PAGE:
Economist Amartya Sen takes an optimistic view to solve identity in "Identity and Violence", it echoes a call to look at our similarities rather than our differences, rather than appreciate difference as diversity. It echoes the sentiment of why we could as a human race get along, whereas the "Why can't we get along?" in the comedy Mars Attack is perhaps going to be truth until there is an evolutionary renaissance of humanity https://www.youtube.com/watch?v=MPMmC0UAnj0
Our evolution as human beings has not come to a climactic end for we are still emerging from the dark ages, but how future generations evolve is definitely a part of our collective legacy - because it is in individual transformation - perhaps which may well be genetically coded in our DNA that evolution becomes genetic rather than merely memetic. It is similiar to when civilizations first appeared - similiar evolution occurring at the same time https://www.forbiddenhistory.info/?q=node/67 - though this particular link theorizes that there was one advanced global culture that was decimated by some powerful agent like climate change - rather than the way humans evolve is already encoded in those parts of our DNA that today seem to be doing nothing - inactive DNA.21/12/2016 #31 CityVP 🐝 Manjit#28 Pascal, as much as I now go deeper and learn about Post Rock and what that is courtesy of sites like Wikipedia https://en.wikipedia.org/wiki/Post-rock View more#28 Pascal, as much as I now go deeper and learn about Post Rock and what that is courtesy of sites like Wikipedia https://en.wikipedia.org/wiki/Post-rock, I can also ask questions that have been asked for nearly 70 years.
Here I find the term "Never Again" - a mantra set by the United Nations in 1948 - Here is a piece about that http://ir.lawnet.fordham.edu/cgi/viewcontent.cgi?article=1667&context=ilj and then when I drill down to particular genocides such as Rwanda e.g. https://www.globalpolicy.org/component/content/article/201/39226.html I get into the weeds of assaults on humanity - and then with Rwanda I go deeper still to those who are considered by their nation to be heroic e.g. https://yvesengler.com/2015/12/28/the-fairy-tale-about-a-brave-canadian-general-in-rwanda/ and I come to an existential WTF moment.
It is cool to hope, nice to be positive, wonderful to inspire and marvelous to motivate - but the best thing I like opening up things is to peer into new insights. For me "Post Rock" is a new insight - but here is the rub - until we have an education system and a polity for depth, for wonder, for learning, for truth and for the humility of insight - we are the few who have hopes for the many. Even so our steps in whatever direction make us a little more wiser, a little more awed and a little more informed than is the general cause. This is the best we can do until others also choose for themselves this energy for enlightenment.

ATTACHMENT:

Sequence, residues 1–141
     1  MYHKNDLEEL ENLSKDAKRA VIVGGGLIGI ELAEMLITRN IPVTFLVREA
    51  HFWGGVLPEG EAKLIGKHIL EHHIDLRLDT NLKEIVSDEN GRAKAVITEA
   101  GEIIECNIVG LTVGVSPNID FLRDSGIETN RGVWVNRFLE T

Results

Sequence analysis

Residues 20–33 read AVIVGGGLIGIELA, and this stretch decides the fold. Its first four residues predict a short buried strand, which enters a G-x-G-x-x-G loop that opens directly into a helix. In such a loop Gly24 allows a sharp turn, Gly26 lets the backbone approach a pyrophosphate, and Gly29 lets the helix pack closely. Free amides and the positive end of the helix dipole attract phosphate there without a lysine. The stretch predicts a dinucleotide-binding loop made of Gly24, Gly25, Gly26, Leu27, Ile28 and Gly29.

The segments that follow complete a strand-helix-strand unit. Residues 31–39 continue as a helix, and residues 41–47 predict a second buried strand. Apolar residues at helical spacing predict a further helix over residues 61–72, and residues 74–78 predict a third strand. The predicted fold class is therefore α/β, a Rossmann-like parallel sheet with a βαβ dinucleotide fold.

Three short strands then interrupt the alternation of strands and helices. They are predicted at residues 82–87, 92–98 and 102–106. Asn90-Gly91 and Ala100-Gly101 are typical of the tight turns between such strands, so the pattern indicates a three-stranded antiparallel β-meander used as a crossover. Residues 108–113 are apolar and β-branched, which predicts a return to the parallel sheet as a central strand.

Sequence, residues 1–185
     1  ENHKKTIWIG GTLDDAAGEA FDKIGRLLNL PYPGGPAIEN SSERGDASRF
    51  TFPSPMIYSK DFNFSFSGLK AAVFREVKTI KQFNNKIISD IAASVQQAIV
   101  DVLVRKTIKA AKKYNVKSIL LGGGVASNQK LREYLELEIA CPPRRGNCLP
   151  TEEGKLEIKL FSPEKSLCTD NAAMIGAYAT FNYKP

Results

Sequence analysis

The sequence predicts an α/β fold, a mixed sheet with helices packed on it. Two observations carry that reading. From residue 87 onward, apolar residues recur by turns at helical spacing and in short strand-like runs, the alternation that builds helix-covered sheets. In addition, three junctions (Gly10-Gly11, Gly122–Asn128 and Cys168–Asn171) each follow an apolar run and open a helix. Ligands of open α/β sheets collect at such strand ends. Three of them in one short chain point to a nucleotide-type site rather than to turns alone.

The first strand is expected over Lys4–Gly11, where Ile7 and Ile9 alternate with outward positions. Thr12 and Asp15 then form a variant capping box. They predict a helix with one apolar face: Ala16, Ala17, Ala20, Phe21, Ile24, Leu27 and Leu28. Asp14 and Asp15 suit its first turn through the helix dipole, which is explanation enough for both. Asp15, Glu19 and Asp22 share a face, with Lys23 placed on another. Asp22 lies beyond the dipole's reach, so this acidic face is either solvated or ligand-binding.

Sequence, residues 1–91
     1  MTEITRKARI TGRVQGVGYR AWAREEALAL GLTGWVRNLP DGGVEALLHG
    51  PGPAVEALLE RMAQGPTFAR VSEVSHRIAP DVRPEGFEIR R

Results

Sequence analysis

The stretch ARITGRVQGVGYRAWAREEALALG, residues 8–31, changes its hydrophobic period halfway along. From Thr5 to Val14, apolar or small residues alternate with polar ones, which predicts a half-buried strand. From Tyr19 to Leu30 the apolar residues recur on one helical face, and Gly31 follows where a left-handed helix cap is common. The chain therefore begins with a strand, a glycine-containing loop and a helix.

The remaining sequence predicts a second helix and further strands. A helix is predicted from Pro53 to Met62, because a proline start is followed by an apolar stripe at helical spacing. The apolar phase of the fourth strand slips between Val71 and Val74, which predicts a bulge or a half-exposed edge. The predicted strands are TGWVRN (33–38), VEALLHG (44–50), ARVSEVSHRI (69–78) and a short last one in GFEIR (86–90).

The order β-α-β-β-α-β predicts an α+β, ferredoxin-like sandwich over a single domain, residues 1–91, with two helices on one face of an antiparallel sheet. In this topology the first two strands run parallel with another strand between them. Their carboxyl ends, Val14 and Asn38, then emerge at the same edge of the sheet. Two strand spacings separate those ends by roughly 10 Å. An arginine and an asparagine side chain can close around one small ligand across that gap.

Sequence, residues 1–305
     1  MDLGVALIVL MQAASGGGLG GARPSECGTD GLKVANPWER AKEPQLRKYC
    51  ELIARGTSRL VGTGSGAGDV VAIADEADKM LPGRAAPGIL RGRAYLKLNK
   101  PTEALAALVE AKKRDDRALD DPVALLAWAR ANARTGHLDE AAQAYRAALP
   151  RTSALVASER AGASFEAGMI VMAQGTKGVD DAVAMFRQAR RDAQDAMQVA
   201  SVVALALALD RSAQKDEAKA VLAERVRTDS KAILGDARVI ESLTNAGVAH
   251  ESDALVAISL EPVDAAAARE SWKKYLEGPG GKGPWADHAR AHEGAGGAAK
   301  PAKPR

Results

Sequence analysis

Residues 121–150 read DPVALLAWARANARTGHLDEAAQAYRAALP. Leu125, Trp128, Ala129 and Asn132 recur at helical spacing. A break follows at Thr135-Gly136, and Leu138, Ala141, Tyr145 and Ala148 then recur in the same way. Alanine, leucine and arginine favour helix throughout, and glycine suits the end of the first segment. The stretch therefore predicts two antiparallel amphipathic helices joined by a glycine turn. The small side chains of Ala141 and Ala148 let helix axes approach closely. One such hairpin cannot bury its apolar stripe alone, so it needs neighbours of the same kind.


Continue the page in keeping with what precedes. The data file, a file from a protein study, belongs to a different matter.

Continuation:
I am not a seeker of agreements or disagreements, I am not vessel of persuasion or dialogue, what I welcome most is people like you who open up new vista's, new questions and new ways of looking at our world - and then I explore and I welcome that. Close20/12/2016 #29 Aleta CurryI just can't be that hopeless, especially not at this time of year. I always hear the words of the beautiful 'I heard the bells on Christmas Day'. This line gets me every time: 'And in despair I bowed my head, "there is no peace on earth" I said; for Hate is strong and mocks the song of "Peace on Earth, Goodwill to Men"'.
Our atrocities may be legion; our inhumanity great, but then so is our love. It's easy to say 'look what a mess the world's in. Look how humans behave. It's hopeless'. Yet every single day, thousands...hundreds of thousands?...millions?...of people perform small acts of kindness and love for fellow beings out of a Goodness that springs from we know not where and without expecting *anything *at * all in return.
Sure, we could each make a list of history's monsters which, if combined, would make a helluva long list. But our list of history's angels, (if we only had the knowledge to create it) would be even longer. I'm not just talking about the list of documented Good Guys, I'm talking about another list, the true list, the A-Z of Humanity. It starts with some unknown bloke named...I don't know...maybe 'Aaron', ends with another unknown fellow perhaps named Zachariah, and includes YOU.20/12/2016 #28 Pascal Derrien#25 the genre is defined as Post Rock, they are almost neighbours , they are not really well known even in Ireland past music nerds like me, interesting discussion point you are brining but I don't know about he comparison with road accident, I am actually a crash survivor myself in theory I should not be here writing this I kind of think that we cannot control the butterfly effect or destiny but conflicts can be avoided, shorten or simply stopped at least that's what I would like to think @CityVP 🐝 Manjit :-)20/12/2016 #25 CityVP 🐝 ManjitFirst of all thanks Pascal, I would never heard of "God is an Astronaut" never mind considered listening to ambient music, but having a listen to Age of the Fifth Sun https://www.youtube.com/watch?v=TJPTcLbGS_I View moreFirst of all thanks Pascal, I would never heard of "God is an Astronaut" never mind considered listening to ambient music, but having a listen to Age of the Fifth Sun https://www.youtube.com/watch?v=TJPTcLbGS_I those Kinsella twins are putting together some good beats and they have some cool artwork to go along with it as can be seen on their website .